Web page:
In the 1970s it became clear that T lymphocytes, a subset of the white blood cells, were the major effectors of tumor rejection in mice. In the 1980s, human anti-tumor cytolytic T lymphocytes (CTL) were isolated in vitro from the blood lymphocytes of cancer patients, mainly those who had melanoma. Most of these CTL were specific, i.e. they did not kill non-tumor cells. This suggested that they target a marker, or antigen, which is expressed exclusively on tumor cells. We started to study the anti-tumor CTL response of a metastatic melanoma patient and contributed to the definition of several distinct tumor antigens recognized by autologous CTL. In the early 1990s, we identified the gene coding for one of these antigens, and defined the antigenic peptide. This was the first description of a gene, MAGE-A1, coding for a human tumor antigen recognized by T lymphocytes.
Genes such as those of the MAGE family are expressed in many tumors and in male germline cells, but are silent in normal tissues. They are therefore referred to as “cancer-germline genes”. They encode tumor specific antigens, which have been used in therapeutic vaccination trials of cancer patients. A large set of additional cancer-germline genes have now been identified by different approaches, including purely genetic approaches. As a result, a vast number of sequences are known that can code for tumor-specific shared antigens. The identification of a larger set of antigenic peptides, which are presented by HLA class I and class II molecules and recognized on tumors by T lymphocytes, could be important for therapeutic vaccination trials of cancer patients and serve as tools for a reliable monitoring of the immune response of vaccinated patients. To that purpose, we have used various approaches that we have loosely named “reverse immunology”, because they use gene sequences as starting point.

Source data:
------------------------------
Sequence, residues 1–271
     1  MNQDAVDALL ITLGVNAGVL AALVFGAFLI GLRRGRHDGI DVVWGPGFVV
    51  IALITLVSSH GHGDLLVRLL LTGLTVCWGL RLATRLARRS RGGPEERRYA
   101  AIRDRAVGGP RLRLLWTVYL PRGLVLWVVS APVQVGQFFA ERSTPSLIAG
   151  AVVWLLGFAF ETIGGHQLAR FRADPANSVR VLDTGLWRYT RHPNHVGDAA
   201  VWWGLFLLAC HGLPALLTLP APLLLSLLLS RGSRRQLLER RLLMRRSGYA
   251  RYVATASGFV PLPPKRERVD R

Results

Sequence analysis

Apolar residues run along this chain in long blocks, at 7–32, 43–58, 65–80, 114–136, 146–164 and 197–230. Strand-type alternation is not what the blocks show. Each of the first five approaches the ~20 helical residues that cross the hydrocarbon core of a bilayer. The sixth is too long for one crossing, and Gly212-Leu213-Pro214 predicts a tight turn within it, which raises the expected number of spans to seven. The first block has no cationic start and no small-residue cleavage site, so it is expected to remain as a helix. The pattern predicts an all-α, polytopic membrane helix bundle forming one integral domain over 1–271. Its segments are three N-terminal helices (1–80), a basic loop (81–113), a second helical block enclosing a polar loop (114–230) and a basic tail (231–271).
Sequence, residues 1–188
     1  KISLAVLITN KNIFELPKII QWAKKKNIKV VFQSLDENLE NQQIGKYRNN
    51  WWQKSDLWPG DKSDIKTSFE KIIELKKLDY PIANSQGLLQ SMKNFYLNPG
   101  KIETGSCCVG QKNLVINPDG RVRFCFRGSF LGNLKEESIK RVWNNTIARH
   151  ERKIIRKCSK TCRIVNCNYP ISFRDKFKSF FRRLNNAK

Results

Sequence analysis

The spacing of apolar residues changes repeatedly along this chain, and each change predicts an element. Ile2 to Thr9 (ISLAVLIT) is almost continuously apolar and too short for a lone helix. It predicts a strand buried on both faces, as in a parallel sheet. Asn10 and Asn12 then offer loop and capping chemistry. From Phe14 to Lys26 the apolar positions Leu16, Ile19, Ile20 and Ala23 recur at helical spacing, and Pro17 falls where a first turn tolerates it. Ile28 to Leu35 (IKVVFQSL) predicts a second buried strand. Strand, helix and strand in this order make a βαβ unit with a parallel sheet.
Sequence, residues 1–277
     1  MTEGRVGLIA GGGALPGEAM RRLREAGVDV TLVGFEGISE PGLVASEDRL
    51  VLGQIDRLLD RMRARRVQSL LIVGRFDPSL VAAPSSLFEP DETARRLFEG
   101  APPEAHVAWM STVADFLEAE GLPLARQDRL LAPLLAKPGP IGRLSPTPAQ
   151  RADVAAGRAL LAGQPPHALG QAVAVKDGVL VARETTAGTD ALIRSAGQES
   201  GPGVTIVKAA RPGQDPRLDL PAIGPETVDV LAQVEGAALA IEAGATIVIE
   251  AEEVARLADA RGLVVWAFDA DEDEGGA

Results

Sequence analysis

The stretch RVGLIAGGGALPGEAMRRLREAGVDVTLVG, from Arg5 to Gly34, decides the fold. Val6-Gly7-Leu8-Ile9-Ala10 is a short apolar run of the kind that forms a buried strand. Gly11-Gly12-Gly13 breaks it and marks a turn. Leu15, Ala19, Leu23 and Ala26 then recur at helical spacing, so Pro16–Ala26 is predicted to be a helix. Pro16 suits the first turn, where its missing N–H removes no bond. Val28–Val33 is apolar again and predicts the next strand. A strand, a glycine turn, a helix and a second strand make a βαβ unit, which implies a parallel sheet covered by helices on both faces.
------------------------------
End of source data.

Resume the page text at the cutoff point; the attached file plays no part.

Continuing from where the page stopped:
Human tumor antigens recognized by CD4+ or CD8+ T cells are being defined at a regular pace worldwide. Together with colleagues at the de Duve Institute, we read the new publications and incorporate the newly defined antigens in a database accessible at http://www.cancerimmunity.org/peptidedatabase/Tcellepitopes.htm
van der Bruggen P, Zhang Y, Chaux P, Stroobant V, Panichelli C, Schultz ES, Chapiro J, Van den Eynde BJ, Brasseur F, Boon T.
Tumor-specific shared antigenic peptides recognized by human T cells.
Immunological Reviews. 2002 Oct;188:51-64
van der Bruggen P, Traversari C, Chomez P, Lurquin C, De Plaen E, Van den Eynde B, Knuth A, Boon T.
A gene encoding an antigen recognized by cytolytic T lymphocytes on a human melanoma.
Science. 1991 Dec 13,254(5038): 1643-1647